Thanks to the BBC I've watched two Shakespearean plays, Richard II and Henry IV Part I in the past fortnight. I hope I don't sound pretentious but I thought both were excellent and I can't wait til they show Henry IV Part II! I've never seen a Shakespearean play before, I've only ever read Macbeth for school but I'm really happy that I enjoyed them. I was kinda worried that they might be a bit difficult for me to understand but they weren't. At times the dialogue was lost on me of course but I quickly picked up the gist of each of the plays. Plus the fact that Jeremy Irons and Loki from the Avengers were in Henry IV Part I didn't hurt...
Afterwards, they show documentaries about Shakespeare and his plays and one of the things that popped up was the conspiracy theory that Shakespeare didn't write the plays at all. Instead some people believe, including the actor Derek Jacobi, that another, for example the Earl of Oxford wrote them and that Shakespeare, a mere actor, took the credit. Their reasons for this include:
- Playwriting was considered shameful and embarrassing back then within families of nobility so the Earl of Oxford (if it was him) couldn't accept credit, even if he wanted to, without disgracing his family.
- Shakespeare, this great literary genius, kept his children illiterate. Why?
- There is no evidence to suggest that Shakespeare received an education so how did a son of a glover learn to read and write when his own parents couldn't?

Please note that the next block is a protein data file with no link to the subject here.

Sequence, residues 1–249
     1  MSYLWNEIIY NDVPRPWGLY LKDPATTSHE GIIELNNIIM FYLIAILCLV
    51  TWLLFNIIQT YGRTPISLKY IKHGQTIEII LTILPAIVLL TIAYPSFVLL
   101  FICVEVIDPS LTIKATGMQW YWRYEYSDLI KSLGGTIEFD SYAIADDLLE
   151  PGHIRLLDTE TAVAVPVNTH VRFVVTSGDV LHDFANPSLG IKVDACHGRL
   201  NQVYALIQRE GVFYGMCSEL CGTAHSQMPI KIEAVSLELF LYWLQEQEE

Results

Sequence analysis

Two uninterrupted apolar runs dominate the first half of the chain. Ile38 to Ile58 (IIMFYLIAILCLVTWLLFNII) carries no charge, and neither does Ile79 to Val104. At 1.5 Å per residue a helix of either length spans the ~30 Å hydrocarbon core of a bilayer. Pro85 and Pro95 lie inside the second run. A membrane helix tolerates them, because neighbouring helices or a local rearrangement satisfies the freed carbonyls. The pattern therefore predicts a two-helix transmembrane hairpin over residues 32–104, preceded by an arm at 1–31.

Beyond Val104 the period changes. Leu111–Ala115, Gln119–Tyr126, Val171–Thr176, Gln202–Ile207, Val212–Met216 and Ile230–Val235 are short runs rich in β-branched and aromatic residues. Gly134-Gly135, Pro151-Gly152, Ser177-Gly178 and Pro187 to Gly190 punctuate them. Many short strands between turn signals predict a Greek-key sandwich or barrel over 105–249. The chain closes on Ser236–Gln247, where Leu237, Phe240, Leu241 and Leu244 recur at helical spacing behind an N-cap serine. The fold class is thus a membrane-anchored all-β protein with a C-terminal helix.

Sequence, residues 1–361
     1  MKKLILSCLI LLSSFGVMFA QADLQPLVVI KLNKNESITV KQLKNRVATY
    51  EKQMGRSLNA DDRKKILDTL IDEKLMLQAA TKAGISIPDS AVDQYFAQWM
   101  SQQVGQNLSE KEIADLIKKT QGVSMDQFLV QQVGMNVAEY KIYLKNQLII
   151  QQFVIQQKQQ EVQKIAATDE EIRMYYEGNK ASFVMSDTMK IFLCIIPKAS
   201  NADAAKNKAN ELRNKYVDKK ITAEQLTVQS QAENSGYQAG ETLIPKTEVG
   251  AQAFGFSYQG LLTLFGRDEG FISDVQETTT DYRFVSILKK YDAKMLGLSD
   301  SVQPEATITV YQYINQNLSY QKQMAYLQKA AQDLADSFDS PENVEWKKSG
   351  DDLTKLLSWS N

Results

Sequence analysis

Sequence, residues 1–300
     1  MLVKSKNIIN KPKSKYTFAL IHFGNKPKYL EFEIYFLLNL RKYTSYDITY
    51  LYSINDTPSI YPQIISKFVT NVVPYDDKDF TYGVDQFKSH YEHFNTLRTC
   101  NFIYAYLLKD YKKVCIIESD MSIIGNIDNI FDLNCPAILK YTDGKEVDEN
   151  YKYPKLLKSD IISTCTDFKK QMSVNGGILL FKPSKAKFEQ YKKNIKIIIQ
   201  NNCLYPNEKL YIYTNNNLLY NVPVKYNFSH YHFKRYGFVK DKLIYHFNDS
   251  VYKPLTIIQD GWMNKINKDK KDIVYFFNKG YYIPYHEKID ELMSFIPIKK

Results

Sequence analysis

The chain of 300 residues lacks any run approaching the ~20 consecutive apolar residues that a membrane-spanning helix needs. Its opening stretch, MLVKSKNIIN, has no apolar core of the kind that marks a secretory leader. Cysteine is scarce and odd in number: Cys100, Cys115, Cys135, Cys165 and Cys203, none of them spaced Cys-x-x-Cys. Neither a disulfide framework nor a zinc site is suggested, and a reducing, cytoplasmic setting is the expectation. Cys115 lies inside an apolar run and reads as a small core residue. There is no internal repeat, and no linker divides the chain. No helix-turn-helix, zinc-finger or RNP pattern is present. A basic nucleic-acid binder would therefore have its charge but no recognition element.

- Shakespeare came from Stratford-upon-Avon, so how did he know intimate details of how the courts worked, politics, culture and foreign countries that are so evident in his plays?
- In Shakespeare's will, he makes no mention of his 18 unpublished plays and the only theatrical reference was added after he died...
- The plays were signed inconsistantly with Shake-speare or Shak-spear which leads many to believe that Shakespeare was just a pseudonym or a made up person as characters with hyphens in plays such as Master Shoe-tie and Sir Luckless Woo-all were usually fictional.
I found this conspiracy theory really interesting but I don't know if I believe it. Sometimes it feels that if someone shows great talent or is extremely successful then people want to take it away from them and it feels like people are doing that to Shakespeare. Maybe they're right and Shakespeare is a fraud but want good would it do if it was proven true?
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